Cecil the Lion: Wait a Minute, Guys…

They killed this lion

They killed this lion

Something is weirding me out about all of the outrage on social media directed towards a hunter who killed a lion in Zimbabwe. It’s not that I think that the killing was justified, or even that the outrage is *wrong* to begin with. I always think it’s strange when people purposefully engage in violence just for the hell of it.

But I think it’s worth examining our outrage. Why do we choose to illuminate this story as opposed to the other horrifying and preventable atrocities that happen in the world every day—atrocities that happen to human beings just like us!

I’m publishing this post at the risk of being perceived as self-righteous, opportunistic and unsympathetic, but that’s not what I’m trying to do here. I’m writing this to illuminate the fact that people get weirded out by the idea that their priorities might be out of whack. And people usually respond to weird feelings by getting defensive. Go up to somebody at a party and suggest that people might care too much about lions and not enough about human beings; I’m sure it’ll go over well.

But…isn’t that what’s really going on here? People are prioritizing the plight of animals over humans by choosing to express outrage at this incident instead of towards other things higher up on the priority list. It’s like my mother screaming at me for not cleaning my room while I’m sitting here reading a book or doing homework. “Wait a minute…what’s more important here?”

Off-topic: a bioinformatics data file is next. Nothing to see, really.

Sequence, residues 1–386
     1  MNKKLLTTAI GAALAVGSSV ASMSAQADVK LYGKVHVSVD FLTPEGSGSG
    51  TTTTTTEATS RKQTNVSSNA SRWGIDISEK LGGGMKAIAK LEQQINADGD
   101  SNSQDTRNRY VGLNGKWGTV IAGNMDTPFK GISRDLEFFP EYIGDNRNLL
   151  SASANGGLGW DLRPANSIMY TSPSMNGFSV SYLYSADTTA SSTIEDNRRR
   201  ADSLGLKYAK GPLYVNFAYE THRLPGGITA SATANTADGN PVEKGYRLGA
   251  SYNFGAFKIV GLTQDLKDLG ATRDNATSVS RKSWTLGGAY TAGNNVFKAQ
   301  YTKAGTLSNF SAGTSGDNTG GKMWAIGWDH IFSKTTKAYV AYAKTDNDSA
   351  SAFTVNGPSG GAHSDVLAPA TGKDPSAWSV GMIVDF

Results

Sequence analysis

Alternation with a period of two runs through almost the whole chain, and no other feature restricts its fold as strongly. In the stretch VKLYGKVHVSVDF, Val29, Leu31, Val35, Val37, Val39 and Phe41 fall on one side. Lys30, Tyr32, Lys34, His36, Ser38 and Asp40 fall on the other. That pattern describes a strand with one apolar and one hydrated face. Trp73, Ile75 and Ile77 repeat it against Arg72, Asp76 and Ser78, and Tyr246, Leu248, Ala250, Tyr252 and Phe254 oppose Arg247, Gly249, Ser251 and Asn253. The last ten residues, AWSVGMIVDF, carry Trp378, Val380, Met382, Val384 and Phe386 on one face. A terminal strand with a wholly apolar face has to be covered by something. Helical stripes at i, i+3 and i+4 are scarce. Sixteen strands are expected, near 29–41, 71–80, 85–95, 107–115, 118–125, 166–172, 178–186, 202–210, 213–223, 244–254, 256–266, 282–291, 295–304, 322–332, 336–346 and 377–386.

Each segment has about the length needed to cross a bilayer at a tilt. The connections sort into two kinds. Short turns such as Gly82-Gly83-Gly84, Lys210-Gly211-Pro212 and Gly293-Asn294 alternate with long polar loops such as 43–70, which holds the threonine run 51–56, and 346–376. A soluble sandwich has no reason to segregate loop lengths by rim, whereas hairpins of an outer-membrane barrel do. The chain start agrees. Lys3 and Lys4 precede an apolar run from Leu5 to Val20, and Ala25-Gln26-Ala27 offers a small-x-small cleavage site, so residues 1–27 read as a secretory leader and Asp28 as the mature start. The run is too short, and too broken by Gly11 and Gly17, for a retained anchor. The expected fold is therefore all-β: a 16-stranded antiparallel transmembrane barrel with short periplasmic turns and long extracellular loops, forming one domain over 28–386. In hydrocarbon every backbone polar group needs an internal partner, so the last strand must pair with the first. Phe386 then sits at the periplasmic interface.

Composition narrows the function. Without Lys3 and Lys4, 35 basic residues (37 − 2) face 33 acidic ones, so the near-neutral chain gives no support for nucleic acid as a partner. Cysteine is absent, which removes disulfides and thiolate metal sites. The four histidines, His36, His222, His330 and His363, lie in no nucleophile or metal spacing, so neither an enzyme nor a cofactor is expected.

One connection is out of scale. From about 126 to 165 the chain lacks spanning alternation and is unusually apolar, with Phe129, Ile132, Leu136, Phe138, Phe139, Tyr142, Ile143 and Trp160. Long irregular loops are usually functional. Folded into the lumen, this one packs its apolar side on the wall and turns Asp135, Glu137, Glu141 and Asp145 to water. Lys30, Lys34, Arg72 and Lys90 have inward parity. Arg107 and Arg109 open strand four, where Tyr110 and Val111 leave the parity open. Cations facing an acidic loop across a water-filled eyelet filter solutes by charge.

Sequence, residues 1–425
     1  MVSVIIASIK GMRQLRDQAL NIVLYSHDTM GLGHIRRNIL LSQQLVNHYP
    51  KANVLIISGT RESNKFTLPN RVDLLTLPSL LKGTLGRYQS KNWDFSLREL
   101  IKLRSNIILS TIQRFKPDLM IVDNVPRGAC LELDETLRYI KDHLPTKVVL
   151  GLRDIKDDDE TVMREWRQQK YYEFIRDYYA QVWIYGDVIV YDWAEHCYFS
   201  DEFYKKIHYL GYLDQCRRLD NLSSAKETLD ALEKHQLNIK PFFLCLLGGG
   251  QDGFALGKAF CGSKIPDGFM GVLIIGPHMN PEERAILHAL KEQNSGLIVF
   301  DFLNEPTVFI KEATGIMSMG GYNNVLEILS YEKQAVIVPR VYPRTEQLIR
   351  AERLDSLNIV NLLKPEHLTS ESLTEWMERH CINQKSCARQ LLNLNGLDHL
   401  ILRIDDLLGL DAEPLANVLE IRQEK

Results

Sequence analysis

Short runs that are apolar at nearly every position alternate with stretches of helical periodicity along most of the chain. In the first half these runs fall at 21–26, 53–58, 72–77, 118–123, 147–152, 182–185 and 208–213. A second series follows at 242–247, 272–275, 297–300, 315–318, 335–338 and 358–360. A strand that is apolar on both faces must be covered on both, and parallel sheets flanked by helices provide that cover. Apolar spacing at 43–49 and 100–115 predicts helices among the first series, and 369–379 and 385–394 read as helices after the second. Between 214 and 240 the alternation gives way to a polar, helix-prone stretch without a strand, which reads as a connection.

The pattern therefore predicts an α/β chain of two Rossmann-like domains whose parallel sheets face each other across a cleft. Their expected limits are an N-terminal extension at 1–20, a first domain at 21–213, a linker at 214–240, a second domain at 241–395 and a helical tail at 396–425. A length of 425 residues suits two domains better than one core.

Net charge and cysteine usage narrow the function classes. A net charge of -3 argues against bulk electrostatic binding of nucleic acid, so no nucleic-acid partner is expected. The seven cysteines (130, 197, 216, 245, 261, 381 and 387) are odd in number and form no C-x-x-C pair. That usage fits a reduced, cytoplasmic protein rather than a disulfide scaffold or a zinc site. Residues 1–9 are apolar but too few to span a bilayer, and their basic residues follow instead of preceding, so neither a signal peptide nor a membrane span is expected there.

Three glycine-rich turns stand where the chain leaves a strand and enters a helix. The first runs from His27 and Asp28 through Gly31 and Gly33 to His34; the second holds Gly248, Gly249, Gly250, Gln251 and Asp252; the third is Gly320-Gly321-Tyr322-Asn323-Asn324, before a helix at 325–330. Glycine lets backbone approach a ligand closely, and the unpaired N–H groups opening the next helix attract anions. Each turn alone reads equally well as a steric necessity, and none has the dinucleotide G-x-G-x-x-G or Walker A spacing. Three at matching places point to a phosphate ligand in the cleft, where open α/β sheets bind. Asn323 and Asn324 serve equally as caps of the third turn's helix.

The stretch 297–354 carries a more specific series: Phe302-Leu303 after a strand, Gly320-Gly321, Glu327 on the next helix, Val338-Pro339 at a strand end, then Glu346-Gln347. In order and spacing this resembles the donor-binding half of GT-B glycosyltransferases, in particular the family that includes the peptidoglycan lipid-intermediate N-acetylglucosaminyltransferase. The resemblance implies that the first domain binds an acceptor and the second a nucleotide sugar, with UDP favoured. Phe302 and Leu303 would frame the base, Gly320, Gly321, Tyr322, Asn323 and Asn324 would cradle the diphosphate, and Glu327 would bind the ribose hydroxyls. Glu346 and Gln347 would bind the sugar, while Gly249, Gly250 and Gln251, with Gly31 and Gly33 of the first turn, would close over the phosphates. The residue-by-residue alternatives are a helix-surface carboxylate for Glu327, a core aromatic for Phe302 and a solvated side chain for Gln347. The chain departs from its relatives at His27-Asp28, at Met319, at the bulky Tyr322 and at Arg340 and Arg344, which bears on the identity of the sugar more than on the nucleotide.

What’s higher up on the priority list in America? How about:

American aggression, including war and drone strikes
American domestic spying programs
American-sponsored torture programs
The tangled mess of American inner-city poverty cycles, police brutality, and the War on Drugs

Those are all issues that I find exponentially more outrageous than what this guy did to the lion.

And I’m not saying that what this hunter did is excusable! I’m not even suggesting that people should be ashamed about how this incident makes them feel. I’m just saying that if it’s possible for people to muster up so much outrage at something as inconsequential to humanity as a guy violently slaying a lion, then it should be possible to muster up much *more* outrage at problems that are actually more outrageous and consequential in the first place.

Politicians pay attention to what the people are upset about, which can ultimately drive the changes we need to make the world a better place.

What are we *really* upset about, and why? This is the conversation that we should be having. So I asked my friends about it, and this was the response that made the most sense:

thread thoughts on apathy cecil lion blurred

I think that apathy is dangerous, and for that reason I think the whole idea of mass outrage is worth examining (which is why I wrote this post in the first place). Outrage is necessary and serves a purpose. Without anger, there’s no instinct to drive change.

But are we really giving up on the important issues because we haven’t figured them out yet? Do we really identify more with African lions than we do with Iraqi children?

(I don’t have the answers, but I think these are the important questions)

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